iPub .4 and my thoughts on segar / mufatti


Go here to see what I said about the Great Debate. If you're interested, of course...

7 comments:

Jed said...

Fair enough, Mark (your weigh in on the "debate") but why should laugh-out-loud funny be the measure of a good strip? I never found Polly and Her Pals particularly uproarious, but it ranks high as one of my favorites. Its just gorgeously designed and wonky. I like Krazy Kat, but I never actually laughed out loud at a Krazy Kat strip, as far as I know. The thing about Segar was he came up with great characters and great stories. Popeye has more personality in his little finger than A whole fisful of Audreys. I think it's easy to become anured to how compelling and unique a character he is since he's been diluted by so much merchandizing and bad cartoons and junk over the years.

And for the record EeteeD:

You don't seem like such a bad guy. You sound like a really bright, obviously knowledgable sort of fella, who I think backed himself into a corner on this one. I hereby apologize for calling you high. I considered it more light-hearted ribbing than an actual dispersion on your character.

Marky Mark said...

ARGH!

Now don't you start again! I didn't say laugh-out-loud was the measure of a good comic. That is just ONE THING I said about Segar's Popeye.

Good lord. No wonder your wife has to block your chat room passwords.

Jed said...

Well, it could be worse. I could be in on that heated toaster debate right now on the TCJ board. I promise the buck stops here!

Benny said...

Man! Those toasters are beautiful.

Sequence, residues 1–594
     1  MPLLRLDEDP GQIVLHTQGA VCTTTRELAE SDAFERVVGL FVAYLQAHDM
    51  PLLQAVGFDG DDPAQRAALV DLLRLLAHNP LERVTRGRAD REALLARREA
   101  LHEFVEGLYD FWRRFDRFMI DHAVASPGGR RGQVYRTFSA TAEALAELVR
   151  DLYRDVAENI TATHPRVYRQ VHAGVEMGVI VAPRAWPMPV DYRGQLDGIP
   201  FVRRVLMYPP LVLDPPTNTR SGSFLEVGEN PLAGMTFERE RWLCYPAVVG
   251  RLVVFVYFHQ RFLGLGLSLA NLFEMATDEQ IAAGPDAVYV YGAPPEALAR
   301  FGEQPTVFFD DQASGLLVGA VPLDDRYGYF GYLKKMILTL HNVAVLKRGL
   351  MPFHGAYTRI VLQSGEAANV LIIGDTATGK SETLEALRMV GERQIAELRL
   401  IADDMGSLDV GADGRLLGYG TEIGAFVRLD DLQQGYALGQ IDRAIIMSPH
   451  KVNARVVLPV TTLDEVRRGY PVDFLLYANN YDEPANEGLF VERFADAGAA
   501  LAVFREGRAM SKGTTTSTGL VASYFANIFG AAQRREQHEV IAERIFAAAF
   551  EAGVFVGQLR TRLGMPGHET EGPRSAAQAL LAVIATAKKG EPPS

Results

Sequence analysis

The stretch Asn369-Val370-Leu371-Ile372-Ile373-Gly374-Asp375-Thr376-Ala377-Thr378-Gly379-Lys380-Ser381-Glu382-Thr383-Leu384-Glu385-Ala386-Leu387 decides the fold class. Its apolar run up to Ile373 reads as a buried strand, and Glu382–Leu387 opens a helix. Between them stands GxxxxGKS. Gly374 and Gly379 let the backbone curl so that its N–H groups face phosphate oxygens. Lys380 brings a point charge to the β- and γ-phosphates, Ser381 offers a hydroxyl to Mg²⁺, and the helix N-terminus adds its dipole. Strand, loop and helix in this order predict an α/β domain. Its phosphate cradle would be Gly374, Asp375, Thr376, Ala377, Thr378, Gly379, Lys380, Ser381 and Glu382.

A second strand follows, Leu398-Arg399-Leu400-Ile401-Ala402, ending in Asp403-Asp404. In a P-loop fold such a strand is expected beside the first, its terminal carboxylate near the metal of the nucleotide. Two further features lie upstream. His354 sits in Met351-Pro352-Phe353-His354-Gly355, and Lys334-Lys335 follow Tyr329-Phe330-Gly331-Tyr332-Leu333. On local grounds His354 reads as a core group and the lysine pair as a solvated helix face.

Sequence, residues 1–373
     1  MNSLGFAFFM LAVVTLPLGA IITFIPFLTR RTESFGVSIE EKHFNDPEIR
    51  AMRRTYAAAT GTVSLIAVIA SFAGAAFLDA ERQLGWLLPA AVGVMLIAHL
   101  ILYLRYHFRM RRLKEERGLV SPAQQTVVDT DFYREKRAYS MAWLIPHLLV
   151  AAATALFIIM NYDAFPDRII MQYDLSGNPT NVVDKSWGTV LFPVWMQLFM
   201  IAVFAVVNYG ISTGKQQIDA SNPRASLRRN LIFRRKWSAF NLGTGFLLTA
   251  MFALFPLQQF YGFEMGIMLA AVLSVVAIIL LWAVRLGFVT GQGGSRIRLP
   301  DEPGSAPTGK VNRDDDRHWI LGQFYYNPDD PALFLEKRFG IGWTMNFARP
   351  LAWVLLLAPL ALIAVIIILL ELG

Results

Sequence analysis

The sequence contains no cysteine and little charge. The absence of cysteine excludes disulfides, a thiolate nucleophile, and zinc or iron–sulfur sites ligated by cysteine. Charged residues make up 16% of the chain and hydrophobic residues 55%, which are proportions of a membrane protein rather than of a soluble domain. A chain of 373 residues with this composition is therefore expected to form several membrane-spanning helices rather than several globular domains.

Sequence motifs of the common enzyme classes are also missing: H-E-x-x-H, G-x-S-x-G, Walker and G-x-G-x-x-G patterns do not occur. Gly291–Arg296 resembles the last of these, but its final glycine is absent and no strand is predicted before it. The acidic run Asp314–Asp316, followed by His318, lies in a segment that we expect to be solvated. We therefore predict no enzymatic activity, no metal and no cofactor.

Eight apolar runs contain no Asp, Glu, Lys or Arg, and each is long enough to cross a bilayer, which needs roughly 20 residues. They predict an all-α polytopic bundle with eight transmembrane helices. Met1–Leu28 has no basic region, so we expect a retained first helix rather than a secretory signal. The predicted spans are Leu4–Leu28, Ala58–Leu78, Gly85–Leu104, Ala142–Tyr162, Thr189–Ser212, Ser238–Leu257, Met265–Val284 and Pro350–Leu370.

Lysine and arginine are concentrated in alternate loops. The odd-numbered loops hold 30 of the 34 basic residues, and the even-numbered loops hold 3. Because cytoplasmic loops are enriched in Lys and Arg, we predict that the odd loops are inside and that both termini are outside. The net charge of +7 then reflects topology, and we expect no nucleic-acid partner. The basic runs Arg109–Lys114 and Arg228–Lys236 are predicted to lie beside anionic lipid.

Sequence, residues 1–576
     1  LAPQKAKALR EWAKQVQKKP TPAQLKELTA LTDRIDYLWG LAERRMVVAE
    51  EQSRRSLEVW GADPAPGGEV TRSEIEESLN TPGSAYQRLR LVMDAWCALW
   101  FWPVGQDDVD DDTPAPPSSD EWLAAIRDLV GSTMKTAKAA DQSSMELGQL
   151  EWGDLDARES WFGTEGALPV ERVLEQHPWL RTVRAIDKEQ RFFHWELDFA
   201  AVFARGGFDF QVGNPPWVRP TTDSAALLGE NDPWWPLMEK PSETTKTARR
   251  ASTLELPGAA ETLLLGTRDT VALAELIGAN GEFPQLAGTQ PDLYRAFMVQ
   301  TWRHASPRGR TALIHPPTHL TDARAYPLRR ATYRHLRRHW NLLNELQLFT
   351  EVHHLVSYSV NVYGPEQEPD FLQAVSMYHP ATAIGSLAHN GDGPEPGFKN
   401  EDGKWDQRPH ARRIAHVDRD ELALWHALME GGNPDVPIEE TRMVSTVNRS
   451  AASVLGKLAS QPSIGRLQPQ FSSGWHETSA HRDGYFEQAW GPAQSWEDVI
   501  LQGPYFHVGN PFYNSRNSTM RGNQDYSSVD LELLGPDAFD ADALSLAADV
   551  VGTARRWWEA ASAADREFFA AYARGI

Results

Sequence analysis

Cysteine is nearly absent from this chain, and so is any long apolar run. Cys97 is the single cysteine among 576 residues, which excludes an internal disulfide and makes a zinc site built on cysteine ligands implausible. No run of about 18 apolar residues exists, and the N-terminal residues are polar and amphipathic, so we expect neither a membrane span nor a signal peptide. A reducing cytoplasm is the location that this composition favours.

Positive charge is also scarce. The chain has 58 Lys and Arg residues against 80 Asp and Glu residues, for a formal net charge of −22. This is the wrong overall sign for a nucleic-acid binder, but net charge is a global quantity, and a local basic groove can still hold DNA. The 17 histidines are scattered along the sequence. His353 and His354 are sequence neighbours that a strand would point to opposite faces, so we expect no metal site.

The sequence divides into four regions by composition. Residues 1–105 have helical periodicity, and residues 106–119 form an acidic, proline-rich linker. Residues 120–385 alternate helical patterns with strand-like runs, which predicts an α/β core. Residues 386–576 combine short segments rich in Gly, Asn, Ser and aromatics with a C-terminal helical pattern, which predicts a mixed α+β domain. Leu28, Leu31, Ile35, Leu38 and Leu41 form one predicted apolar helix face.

And the ads are, too.

Swoon!

Anonymous said...

It's not a debate about toasters, jed. It's a debate about the "verisimilitude" of Mufatti's little comic strip.

Jed said...

"versimilitude"? Are you high? Are THEY high? It's cartoons! And people say I should lighten up...

Anonymous said...

Yes, "verisimilitude." A Mufatti critic on the tcj.com messboard claimed that the Mufatti cartoon would be more true to life if Audrey had been shown making toast at the counter rather than at the table; a Mufatti defender proved the Mufatti critic was wrong, that the cartoon is perfectly fine as is; then the Mufatti critic claimed that his criticism of the lack of "verisimilitude" (his word) in the Mufatti cartoon was his least essential point. Which was obvious from the start, right? Because one always breaks out ten-dollar words like "verisimilitude" when one is just shooting the breeze, or shooting oneself in the foot, whatever...

But Mufatti's in good company, because the same critic who attacked Mufatti has also posted, ahem, constructive criticism of the work of Charles M. Schulz, Alex Toth, and Rembrandt.